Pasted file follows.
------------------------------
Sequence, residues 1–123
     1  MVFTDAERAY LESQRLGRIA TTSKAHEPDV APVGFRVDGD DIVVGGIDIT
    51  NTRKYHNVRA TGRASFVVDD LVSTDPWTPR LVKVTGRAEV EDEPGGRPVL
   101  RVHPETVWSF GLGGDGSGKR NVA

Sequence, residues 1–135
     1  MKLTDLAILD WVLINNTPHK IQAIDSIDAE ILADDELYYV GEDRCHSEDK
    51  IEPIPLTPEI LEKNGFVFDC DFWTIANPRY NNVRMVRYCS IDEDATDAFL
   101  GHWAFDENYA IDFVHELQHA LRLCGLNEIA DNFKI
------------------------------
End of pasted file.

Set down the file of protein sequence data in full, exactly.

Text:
Sequence, residues 1–123
     1  MVFTDAERAY LESQRLGRIA TTSKAHEPDV APVGFRVDGD DIVVGGIDIT
    51  NTRKYHNVRA TGRASFVVDD LVSTDPWTPR LVKVTGRAEV EDEPGGRPVL
   101  RVHPETVWSF GLGGDGSGKR NVA

Sequence, residues 1–135
     1  MKLTDLAILD WVLINNTPHK IQAIDSIDAE ILADDELYYV GEDRCHSEDK
    51  IEPIPLTPEI LEKNGFVFDC DFWTIANPRY NNVRMVRYCS IDEDATDAFL
   101  GHWAFDENYA IDFVHELQHA LRLCGLNEIA DNFKI